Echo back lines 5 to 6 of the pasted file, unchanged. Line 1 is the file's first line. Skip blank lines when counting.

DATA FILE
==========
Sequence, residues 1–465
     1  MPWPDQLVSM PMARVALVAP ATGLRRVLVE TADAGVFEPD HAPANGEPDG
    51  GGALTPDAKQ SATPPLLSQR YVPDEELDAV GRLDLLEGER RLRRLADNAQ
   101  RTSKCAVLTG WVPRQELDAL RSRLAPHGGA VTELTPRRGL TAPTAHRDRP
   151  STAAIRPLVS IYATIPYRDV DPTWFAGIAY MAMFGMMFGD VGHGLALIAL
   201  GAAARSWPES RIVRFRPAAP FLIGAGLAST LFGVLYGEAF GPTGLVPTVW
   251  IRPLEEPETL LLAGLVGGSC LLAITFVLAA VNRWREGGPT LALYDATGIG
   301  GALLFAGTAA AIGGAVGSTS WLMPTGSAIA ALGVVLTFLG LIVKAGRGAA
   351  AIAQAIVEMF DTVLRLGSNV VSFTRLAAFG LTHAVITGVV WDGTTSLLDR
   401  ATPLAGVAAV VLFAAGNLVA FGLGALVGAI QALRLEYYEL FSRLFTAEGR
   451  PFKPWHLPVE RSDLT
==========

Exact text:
   151  STAAIRPLVS IYATIPYRDV DPTWFAGIAY MAMFGMMFGD VGHGLALIAL
   201  GAAARSWPES RIVRFRPAAP FLIGAGLAST LFGVLYGEAF GPTGLVPTVW